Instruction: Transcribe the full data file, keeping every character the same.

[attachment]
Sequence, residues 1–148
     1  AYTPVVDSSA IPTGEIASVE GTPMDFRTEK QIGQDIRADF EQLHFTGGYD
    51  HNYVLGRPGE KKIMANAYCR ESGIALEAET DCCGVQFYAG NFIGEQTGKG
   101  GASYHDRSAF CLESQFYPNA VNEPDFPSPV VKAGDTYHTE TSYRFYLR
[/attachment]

Sequence, residues 1–148
     1  AYTPVVDSSA IPTGEIASVE GTPMDFRTEK QIGQDIRADF EQLHFTGGYD
    51  HNYVLGRPGE KKIMANAYCR ESGIALEAET DCCGVQFYAG NFIGEQTGKG
   101  GASYHDRSAF CLESQFYPNA VNEPDFPSPV VKAGDTYHTE TSYRFYLR